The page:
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How is Niemann-Pick type C disease inherited?

We all have 22 pairs of non-sex chromosomes (known as autosomes), which carry genetic information such as hair color, eye color and other characteristics from one generation to the next (see Figure 1). Each of us has two copies of most genes (chromosomes are made up of many genes) — one copy from our mother and one from our father. Some inherited diseases are caused by a damaged or mutated gene being passed on from only one parent, for example, in Huntington’s disease. However, in the case of Niemann-Pick type C disease (NP-C), it is the gene that carries the instructions for making the NP-C protein, which is most important. You can only develop the disease if you inherit two copies of the defective or mutated gene - one from your mother and one from your father. NP-C is therefore known as an autosomal recessive disease.1 Both parents are called carriers, but as they have one normal copy of the affected gene, they will not present with the symptoms of NP-C.

Figure 1: A pair of chromosomes with genes represented by blue and white bands (one is expanded to show the double helix of DNA ([deoxyribonucleic acid])

A pair of chromosomes with genes represented by black and white bands (one is expanded to show the double helix of DNA ([deoxyribonucleic acid])

What is the probability of having a child with NP-C?

Figure 2 shows the probability of having a child with NP-C if both mother and father carry one copy of the affected gene.1 For each pregnancy, the probability of having a child with NP-C is one in four (25%), the probability that the child will be a carrier is one in two (50%) and the probability that the child will be genetically unaffected by NP-C is one in four (25%). In all cases, the probability of developing the disease is not affected by the sex of the child.

Figure 2: Inheritance in autosomal recessive disease1

The presence of the defective gene can only be determined by genetic testing.2


Frequently asked questions about genetic testing

What is genetic testing?

A genetic test can help identify if there is a change or a mutation in a particular gene or chromosome. The most common reason why someone might have a genetic test is if they have a relative with an inherited condition and they want to find out if they have the condition or are a carrier of the condition. Genetic testing is also used to confirm a diagnosis of an inherited condition3 and is usually offered to individuals and families affected by NP-C, including those that are carriers or at risk of being carriers of NP-C.1,2

How long does genetic testing take?

The NP-C gene is very big and, so far, over 300 mutations have been found that cause NP-C. It may therefore take several months to identify the gene faults. However, once these have been found in the affected person it is much quicker to check family members who may also wish to know if they are carriers.4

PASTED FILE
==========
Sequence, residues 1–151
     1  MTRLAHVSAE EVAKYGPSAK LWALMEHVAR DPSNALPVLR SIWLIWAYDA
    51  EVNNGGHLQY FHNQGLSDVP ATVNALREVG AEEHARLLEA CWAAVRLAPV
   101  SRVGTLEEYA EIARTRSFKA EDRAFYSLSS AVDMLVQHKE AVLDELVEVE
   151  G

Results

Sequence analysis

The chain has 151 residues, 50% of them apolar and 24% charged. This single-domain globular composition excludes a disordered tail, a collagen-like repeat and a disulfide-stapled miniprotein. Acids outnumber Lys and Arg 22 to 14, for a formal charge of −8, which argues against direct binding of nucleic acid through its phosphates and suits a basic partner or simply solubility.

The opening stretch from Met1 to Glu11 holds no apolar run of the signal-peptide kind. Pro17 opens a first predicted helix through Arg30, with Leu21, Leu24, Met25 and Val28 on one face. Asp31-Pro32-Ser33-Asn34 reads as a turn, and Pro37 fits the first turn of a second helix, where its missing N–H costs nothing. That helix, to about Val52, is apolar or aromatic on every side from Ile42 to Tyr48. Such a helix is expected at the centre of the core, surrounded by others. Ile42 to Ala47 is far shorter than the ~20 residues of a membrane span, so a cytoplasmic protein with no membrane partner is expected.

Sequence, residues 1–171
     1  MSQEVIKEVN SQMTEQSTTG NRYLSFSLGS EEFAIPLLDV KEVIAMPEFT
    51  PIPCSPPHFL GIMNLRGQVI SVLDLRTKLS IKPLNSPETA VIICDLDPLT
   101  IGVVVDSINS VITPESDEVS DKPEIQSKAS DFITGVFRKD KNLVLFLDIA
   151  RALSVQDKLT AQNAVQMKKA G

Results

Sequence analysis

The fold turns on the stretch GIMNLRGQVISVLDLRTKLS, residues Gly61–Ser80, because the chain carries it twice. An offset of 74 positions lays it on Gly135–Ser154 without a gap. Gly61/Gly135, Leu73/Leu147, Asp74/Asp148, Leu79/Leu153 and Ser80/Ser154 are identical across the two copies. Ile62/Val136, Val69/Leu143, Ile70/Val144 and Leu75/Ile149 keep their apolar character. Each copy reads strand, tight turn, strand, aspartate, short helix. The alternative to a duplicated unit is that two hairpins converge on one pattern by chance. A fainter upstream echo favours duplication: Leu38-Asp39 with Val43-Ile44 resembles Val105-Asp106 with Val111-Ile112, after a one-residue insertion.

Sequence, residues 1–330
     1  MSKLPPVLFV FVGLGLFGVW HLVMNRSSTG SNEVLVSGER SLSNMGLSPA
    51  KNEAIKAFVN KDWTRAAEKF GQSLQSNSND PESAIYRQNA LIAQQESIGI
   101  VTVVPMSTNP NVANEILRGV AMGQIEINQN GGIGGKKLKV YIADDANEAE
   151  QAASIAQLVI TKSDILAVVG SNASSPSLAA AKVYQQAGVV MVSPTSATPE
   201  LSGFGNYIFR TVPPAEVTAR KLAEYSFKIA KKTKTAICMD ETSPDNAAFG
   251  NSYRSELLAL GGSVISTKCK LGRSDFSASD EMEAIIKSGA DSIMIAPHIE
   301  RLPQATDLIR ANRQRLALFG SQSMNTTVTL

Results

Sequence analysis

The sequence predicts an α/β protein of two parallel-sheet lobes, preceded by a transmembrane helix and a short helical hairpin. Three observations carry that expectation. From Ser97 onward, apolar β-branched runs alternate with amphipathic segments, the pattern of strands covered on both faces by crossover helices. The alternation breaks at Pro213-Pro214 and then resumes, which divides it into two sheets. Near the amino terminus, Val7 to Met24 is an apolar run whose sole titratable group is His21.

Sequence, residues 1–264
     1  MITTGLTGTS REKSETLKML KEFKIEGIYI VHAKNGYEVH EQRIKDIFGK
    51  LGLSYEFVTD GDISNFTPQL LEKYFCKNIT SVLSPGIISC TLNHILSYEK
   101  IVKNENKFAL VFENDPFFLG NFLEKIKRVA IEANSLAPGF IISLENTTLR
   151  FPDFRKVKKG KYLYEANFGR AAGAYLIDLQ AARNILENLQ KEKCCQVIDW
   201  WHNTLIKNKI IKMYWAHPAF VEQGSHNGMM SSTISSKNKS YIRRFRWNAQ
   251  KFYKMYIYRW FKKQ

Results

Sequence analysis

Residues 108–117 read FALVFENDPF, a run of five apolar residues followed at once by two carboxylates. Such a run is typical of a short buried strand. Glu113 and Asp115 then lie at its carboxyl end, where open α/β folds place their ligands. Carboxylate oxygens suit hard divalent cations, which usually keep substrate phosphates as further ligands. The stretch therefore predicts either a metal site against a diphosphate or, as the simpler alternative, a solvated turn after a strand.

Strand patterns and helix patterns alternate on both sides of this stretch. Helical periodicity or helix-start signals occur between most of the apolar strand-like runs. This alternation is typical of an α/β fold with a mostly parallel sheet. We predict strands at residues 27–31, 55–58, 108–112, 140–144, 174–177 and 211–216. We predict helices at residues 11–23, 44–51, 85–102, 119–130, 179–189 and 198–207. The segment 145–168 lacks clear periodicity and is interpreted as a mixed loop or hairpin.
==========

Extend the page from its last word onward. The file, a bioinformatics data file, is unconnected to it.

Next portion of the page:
What procedures are involved with genetic testing?

It usually involves taking a blood or tissue sample.5

I have been identified as a carrier of NP-C, what does this mean?

As a carrier of NP-C, you have a defective NP-C gene on one of your chromosomes. As you also have one normal NP-C gene, you will not present with any symptoms. If your partner does not have a NP-C defective gene, there is a 50% probability of passing this carrier-status onto your children and none of your children will be affected by the disease. However, if your partner is also a carrier of NP-C, then there is a 50% probability your child will be a carrier and a 25% probability that he or she may have NP-C. There is also a 25% probability that your children will not be affected genetically by NP-C. However, as NP-C is such a rare disease, it is unlikely that your partner would be a carrier. If you have any questions about genetic testing or the genetic inheritance of NP-C then your healthcare professional will be able to answer these for you.

What is genetic counseling?

Genetic counseling aims to provide you with all the information you need to make a decision about whether you should have a genetic test.3 It usually involves discussion with a trained professional and includes information on:3,5

  • The risk of inheriting or passing on a genetic disease
  • The implications of testing positive for the condition, including the psychological impact
  • Whether to inform relatives of your decision to be tested
  • The usual pattern of progression of the disease you are being tested for and its potential treatments.

Genetic counselors are trained to help people with the emotions they might be experiencing and are sensitive to the fact that a diagnosis can hold a different meaning to different people.



  1. Wraith JE, Imrie J. Understanding Niemann-Pick disease type C and its potential treatment. UK Blackwell Publishing, 2007.
  2. Patterson MC, Hendriksz CJ, Walterfang M, et al, on behalf of the NP-C Guidelines Working Group. Recommendations for the diagnosis and management of Niemann–Pick disease type C: An update. Mol Genet Metab 2012. 106(3):330-344.
  3. EuroGentest. What is a Genetic Test? Information for Patients and Families Last accessed September 2012.
  4. Vanier MT. Niemann-Pick disease Type C. Orphanet Journal of Rare Diseases. 2010;5:16.
  5. Patient UK. Genetic Testing, Last accessed September 2012.